I walked into the grocery store and it hit me. In front of me was a sea of red, white and pink. It had been growing slowly since Christmas. Up until recently it had been barely noticeable. Now there was no denying what was just around the corner. Valentine’s Day, or as my children lovingly call it, “Singles Awareness Day” (S.A.D. for short) was upon us. As funny as that acronym is, it is reality for many on this day that is supposed to represent love. Even from an early age I could see that it was more about the “haves” and “have-nots” more than anything else. In elementary school we worked hard decorating the bags that would become the resting place for the cards and lollipops we would receive that day. Back then there was no rule about having 1 for every kid in the class. We gave them only to those we liked. Inevitably, the time of reckoning would come when we would dump our bags onto our desks and count how many we had. Those who were liked had many. Those who were not had few. I can see why the rule was changed. I can’t imagine anything more humiliating to a 6 or 7 year old than for his or her entire class to see that they were “unloved”.
Now let’s fast forward to the present. Even as adults we struggle with the day. If you are a “have” there is the giving and receiving of roses, cards and candy in heart-shaped boxes. For the “have-nots” it is the fear of someone noticing that they have given or received none. Even between couples there is the big question: “So what are you doing for Valentine’s day?” In that moment many of us can return quickly to those days in elementary school. We think, ‘what if what we are doing doesn’t measure up? Will we be looked down upon because we are not going to some overpriced restaurant for dinner and dancing?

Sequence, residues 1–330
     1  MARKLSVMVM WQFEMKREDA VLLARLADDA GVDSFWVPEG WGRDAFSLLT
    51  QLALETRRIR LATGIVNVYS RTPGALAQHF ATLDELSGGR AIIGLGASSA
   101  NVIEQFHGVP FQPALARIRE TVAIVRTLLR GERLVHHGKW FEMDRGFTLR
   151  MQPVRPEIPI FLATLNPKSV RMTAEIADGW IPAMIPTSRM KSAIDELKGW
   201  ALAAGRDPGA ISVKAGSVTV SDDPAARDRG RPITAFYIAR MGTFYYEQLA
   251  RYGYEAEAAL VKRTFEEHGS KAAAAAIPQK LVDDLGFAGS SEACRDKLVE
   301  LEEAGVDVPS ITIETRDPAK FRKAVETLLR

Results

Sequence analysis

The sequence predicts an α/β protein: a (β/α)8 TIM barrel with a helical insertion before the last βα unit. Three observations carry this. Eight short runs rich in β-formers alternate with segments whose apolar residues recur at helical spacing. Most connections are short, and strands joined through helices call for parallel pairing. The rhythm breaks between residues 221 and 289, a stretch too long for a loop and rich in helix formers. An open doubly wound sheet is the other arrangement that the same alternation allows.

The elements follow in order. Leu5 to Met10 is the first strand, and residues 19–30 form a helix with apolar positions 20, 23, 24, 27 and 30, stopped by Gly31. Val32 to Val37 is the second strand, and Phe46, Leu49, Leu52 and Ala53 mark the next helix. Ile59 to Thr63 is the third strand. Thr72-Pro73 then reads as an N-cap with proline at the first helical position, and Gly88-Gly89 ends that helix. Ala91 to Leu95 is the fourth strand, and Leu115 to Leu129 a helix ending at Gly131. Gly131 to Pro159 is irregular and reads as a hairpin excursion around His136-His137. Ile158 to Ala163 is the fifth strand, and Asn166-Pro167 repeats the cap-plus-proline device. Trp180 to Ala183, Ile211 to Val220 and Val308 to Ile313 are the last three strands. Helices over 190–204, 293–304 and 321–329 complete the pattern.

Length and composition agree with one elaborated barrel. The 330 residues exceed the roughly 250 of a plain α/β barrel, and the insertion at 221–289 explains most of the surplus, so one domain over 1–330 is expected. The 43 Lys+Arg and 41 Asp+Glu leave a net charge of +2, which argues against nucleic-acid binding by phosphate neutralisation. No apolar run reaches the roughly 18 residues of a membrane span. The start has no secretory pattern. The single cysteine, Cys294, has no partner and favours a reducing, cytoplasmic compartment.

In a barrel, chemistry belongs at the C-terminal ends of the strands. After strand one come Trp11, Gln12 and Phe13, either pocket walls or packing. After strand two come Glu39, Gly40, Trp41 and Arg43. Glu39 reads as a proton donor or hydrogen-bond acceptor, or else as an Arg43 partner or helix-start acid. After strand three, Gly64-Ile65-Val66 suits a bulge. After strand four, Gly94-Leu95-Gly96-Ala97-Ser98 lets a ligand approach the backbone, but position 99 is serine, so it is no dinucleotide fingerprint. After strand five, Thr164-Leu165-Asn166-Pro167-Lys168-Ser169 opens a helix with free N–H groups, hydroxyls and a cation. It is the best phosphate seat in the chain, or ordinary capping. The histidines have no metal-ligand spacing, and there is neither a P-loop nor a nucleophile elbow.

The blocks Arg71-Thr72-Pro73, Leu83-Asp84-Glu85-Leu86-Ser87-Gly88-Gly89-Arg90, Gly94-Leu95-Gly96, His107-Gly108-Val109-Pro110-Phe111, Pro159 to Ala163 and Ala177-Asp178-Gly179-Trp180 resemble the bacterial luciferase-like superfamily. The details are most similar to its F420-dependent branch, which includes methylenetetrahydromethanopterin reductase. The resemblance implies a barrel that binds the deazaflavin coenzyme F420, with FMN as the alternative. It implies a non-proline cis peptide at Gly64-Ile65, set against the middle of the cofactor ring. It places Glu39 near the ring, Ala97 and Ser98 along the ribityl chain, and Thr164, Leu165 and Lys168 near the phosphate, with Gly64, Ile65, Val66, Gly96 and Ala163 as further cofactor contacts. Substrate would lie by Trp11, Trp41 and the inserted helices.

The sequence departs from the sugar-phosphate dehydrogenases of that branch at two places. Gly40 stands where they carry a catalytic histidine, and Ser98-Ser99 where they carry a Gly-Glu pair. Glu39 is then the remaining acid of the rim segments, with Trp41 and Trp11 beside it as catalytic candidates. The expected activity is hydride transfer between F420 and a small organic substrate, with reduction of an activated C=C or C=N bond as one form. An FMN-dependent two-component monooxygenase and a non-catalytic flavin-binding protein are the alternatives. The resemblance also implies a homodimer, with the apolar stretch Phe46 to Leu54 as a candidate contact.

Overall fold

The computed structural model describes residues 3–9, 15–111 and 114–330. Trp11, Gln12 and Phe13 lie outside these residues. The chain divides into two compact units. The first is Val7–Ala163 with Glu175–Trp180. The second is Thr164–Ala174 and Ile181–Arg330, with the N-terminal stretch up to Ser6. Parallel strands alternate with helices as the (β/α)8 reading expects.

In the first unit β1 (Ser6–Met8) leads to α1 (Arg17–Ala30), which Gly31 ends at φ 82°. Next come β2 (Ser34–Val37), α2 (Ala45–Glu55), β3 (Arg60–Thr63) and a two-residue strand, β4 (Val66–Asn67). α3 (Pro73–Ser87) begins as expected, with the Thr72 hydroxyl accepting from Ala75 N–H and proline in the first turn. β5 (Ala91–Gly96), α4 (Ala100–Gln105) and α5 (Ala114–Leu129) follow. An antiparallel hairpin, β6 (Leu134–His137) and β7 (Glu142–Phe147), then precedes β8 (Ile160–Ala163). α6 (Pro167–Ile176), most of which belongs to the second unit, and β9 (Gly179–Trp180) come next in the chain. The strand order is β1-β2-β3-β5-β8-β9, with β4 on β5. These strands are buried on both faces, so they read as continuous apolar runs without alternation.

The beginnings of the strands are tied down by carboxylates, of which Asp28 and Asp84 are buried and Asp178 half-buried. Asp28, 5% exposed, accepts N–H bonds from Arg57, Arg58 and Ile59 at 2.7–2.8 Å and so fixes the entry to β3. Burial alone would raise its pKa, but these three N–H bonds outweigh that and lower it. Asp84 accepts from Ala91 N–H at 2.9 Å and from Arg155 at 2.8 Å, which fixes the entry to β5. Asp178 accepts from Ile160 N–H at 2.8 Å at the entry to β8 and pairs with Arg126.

So who is this Saint Valentine who has us all in an uproar? I had no idea so off I went to surf the web. Come to find out there was more than one. It appears the one the holiday was named for was a Roman priest who was put to death on February 14th for secretly marrying Christian couples after the marriages were banned by the Roman emperor Claudius II. So if history is correct, he stood for what he believed in and was martyred for it. That is love. So how did it become about cards, roses, candy and “one-up-man-ship”? The question is rhetorical.
Let’s get back to basics. When things were financially difficult for Steve and me, he would tell me to close my eyes and imagine a beautiful bouquet of red roses. When I said I could see them, he would tell me that those were from him. With creative ideas like that and the development of free e-cards, we have the ability to let those we love know just how much they mean to us and not break the bank. Honestly the imaginary roses he used to send are dearer to me than all the real ones (not to minimize them) he has sent since. My imaginary roses never die. Think of a creative way you can let someone know you care for them tomorrow. The key here is not to spend anything for this particular gift. It will make them feel good and you even better.